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Logo of nihpaAbout Author manuscriptsSubmit a manuscriptNIH Public Access; Author Manuscript; Accepted for publication in peer reviewed journal;
J Dev Behav Pediatr. Author manuscript; available in PMC Apr 1, 2009.
Published in final edited form as:
PMCID: PMC2585372
NIHMSID: NIHMS75502

Stimulant Medication Treatment of Target Behaviors in Children with Autism: A Population-Based Study

Abstract

This study provides detailed information about stimulant medication treatment for the target symptoms of hyperactivity, impulsivity, disinhibition, and inattention in children with autism. In a previous study, 124 subjects fulfilling DSM-IV-based research criteria for autistic disorder were identified among all 0-21 year old residents of Olmsted County, MN from 1976-1997. For each of these 124 children with research-identified autism, information was abstracted on all prescribed psychopharmacological medications. Psychostimulants were used to treat 52.4% (N=65) of the 124 subjects. The median total duration of psychostimulant treatment was 4.0 years. There were 398 episodes of psychostimulant treatment. Favorable responses were associated with 69.4% of treatment episodes. Of the 398 episodes of stimulant treatment, 16.8% were associated with a documented side effect. At least one side effect was experienced by 66% of the children. These results indicate that psychostimulants are commonly prescribed for children with autism, and suggest that these medications may improve the target symptoms of hyperactivity, impulsivity, disinhibition and inattention.

Background

Autism is a developmental disorder characterized by impairments in social interaction, communication, and restricted patterns of behavior and interests. 1-4 In addition to these core symptoms, the additional symptoms of hyperactivity, impulsivity, disinhibition, and inattention are common among children with autism. 4-11 In one study using the High-Functioning Autism Spectrum Screening Questionnaire and the AD/HD Rating Scale-IV, children with pervasive developmental disorder scored as high as children with the diagnosis of AD/HD in the domains of inattention and hperactivity/impulsivity.12 These symptoms interfere with learning in children with autism, and may be improved through pharmacotherapy. 6-8

Previous studies have reported that 34 -55 percent of children with autism are being treated with psychotropic medications, including antipsychotics, antidepressants, and psychostimulants. 6, 8, 9, 13- 15 Psychostimulants are the recommended treatment for AD/HD, with a positive response rate of 70-80%.5, 16-18 However, the use of psychostimulants to treat these symptoms in children with autism has not been as well studied.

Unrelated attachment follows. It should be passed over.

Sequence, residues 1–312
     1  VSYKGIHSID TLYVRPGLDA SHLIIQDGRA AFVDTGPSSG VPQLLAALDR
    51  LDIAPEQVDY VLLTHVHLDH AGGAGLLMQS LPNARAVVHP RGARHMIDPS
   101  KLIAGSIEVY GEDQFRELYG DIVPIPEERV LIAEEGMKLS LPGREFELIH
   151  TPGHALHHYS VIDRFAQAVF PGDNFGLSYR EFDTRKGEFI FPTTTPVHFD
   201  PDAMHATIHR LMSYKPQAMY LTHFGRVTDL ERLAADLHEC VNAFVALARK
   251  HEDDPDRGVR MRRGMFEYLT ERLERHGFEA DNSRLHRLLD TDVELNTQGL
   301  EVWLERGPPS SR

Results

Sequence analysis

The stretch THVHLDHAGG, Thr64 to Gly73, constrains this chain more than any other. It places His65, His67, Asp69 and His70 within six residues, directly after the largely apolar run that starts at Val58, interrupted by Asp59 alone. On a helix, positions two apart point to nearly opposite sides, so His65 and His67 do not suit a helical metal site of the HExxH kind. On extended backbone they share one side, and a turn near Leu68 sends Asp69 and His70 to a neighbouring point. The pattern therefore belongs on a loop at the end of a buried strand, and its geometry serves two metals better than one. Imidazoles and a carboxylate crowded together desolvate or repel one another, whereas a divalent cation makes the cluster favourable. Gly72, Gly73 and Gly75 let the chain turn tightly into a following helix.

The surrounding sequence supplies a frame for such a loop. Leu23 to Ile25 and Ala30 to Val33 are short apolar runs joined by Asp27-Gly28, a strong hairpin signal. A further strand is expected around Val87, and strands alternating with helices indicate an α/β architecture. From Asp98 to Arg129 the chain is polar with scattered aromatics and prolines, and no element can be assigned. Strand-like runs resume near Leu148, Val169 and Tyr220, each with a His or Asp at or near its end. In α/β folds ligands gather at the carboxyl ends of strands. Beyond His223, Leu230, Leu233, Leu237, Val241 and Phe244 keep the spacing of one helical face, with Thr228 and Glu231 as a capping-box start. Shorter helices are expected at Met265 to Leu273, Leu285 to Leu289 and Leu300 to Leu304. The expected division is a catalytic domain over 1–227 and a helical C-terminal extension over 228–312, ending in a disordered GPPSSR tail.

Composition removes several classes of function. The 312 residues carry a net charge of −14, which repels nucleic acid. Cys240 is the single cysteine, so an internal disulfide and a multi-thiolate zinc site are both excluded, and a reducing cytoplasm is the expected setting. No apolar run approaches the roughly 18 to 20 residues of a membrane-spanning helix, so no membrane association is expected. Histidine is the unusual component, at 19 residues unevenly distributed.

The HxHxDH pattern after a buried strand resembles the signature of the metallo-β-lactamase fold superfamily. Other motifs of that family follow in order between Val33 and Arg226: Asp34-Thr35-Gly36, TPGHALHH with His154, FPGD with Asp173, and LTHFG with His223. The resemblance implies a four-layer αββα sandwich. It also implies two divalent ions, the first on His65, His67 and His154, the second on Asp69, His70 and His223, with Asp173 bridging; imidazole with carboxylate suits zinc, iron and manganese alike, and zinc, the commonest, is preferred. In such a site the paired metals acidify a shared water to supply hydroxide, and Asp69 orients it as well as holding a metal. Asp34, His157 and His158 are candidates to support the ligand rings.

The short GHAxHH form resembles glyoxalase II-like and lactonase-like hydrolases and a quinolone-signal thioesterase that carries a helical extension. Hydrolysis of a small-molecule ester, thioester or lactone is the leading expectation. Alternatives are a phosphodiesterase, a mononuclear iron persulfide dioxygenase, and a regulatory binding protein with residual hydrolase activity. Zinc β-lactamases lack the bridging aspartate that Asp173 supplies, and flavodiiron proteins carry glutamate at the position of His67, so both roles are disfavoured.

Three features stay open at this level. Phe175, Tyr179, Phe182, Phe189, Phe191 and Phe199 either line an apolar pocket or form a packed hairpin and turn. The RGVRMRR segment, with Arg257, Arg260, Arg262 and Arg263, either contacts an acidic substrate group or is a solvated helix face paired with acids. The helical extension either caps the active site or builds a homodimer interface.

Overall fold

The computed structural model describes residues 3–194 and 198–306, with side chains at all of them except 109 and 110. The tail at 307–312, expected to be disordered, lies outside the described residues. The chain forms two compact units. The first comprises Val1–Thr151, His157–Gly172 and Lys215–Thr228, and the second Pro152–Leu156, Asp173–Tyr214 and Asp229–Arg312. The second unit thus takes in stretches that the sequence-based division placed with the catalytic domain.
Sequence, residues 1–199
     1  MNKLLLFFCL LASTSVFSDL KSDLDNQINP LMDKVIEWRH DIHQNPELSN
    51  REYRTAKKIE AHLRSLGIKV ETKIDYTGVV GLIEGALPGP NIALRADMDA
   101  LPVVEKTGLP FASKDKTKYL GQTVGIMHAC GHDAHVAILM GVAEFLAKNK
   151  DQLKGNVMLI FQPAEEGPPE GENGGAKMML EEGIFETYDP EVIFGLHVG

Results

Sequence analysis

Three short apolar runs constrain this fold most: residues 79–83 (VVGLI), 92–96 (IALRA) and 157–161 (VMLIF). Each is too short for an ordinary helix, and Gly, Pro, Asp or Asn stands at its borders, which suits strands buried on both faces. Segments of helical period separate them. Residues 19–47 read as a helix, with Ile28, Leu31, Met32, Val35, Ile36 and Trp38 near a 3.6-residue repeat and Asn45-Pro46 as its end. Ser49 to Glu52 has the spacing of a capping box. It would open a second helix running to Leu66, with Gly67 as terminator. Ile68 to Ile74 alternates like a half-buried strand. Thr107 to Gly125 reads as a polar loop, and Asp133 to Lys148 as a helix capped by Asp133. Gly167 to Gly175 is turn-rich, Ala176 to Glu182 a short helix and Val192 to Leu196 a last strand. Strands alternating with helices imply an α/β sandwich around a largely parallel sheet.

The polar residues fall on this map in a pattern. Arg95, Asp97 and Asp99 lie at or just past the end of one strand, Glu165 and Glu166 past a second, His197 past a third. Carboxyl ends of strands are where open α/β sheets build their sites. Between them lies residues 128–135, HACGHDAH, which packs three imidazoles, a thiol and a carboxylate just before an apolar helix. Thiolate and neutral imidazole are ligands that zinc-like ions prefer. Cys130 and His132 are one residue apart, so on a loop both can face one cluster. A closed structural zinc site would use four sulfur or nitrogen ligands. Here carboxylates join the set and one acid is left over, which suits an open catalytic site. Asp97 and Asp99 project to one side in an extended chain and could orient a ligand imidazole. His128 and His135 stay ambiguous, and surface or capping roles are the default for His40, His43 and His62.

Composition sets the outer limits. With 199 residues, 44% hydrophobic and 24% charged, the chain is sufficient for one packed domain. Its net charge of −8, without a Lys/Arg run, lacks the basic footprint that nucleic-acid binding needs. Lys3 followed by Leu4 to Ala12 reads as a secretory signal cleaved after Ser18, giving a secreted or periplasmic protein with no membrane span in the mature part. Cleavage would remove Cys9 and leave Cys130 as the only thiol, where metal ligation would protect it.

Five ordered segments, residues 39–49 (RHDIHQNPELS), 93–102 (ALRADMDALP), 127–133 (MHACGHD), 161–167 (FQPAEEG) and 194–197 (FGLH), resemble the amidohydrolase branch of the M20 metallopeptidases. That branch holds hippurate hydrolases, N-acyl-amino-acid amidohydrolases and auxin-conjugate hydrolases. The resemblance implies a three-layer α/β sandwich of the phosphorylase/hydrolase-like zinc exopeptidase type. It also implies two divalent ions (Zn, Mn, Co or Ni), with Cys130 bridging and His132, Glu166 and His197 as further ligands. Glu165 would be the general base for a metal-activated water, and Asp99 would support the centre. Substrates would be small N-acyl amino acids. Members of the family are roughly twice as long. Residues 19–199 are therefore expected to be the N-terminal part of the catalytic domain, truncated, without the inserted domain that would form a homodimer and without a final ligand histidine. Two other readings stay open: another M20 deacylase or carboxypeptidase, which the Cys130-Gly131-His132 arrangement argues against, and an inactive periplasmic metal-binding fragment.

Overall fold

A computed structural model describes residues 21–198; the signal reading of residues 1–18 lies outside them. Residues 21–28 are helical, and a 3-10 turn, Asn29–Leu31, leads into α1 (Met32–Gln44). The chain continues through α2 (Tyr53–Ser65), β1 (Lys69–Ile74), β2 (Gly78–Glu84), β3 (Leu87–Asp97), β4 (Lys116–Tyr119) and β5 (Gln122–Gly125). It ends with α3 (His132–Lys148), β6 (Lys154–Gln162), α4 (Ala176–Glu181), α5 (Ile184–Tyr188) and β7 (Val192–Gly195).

Previous studies of psychostimulants in autistic children suggested some improvement in hyperactivity, inattention, and impulsivity. 19, 20 A double-blind placebo crossover study by Quintana, et al, including only ten children, showed a statistically significant improvement in hyperactivity over placebo without significant side effects in children with autistic disorder.19 Beneficial effects of psychostimulants in children with autism were also seen in later studies, but there was concern that autistic children were more likely to have side effects 20, 21. Stigler, et al concluded that stimulants were not effective and were poorly tolerated in children with pervasive developmental disorders (PDD). 11 In a study of 13 children with PDD by Di Martino, et al, 5 had an increase in hyperactivity, stereotypies, dysphoria, and motor tics following a single dose of methylphenidate, suggesting decreased tolerance of psychostimulants in children with PDD.7

Recently, the Research Units on Pediatric Psychopharmacology (RUPP) Autism Network studied the efficacy and safety of methylphenidate in children with autism in a double-blind, placebo-controlled, crossover trial.5 In this study, methylphenidate had a positive effect in 49% of subjects, while by comparison, 70-80% of children with AD/HD respond favorably to methylphenidate 5. The study was discontinued in 18% of subjects due to side effects. 5 The children enrolled in this study were recruited by the five academic outpatient clinics forming the RUPP Autism Network; therefore, these findings may not be representative of the broader population of children with autism.5

In this paper, we report the results of a population-based study of stimulant medication treatment provided throughout childhood to children with research-identified autism among all children ages 1-21 years, residing in Olmsted County, Minnesota, during the years 1976-1997 22. We examine the rates of treatment with psychostimulants, effectiveness of treatment, and occurrence of side effects. We also report the age at initiation and duration of treatment, and address gender differences in response to treatment.

Methods

Study Setting and Subjects

Through the Rochester Epidemiology Project (REP), all inpatient and outpatient diagnoses are recorded and indexed for automated retrieval, for all patients seen at the Mayo Clinic and Olmsted Medical Center (Medical Diagnostic Index). 22-24 Over 95% of residents of Olmsted County, MN receive their medical care locally at Mayo Clinic and Olmsted Medical Center.24 The medical records contain complete information on all health care practices, including developmental, neurological, psychological, and psychiatric assessments, in addition to complete records of well-child visits. 22 Therefore, complete medical records are available for 95% of the residents of Olmsted County, MN.22. All public and private school records, including notations related to developmental or learning problems, cognitive assessments, and special education services, are available through a contractual agreement. 22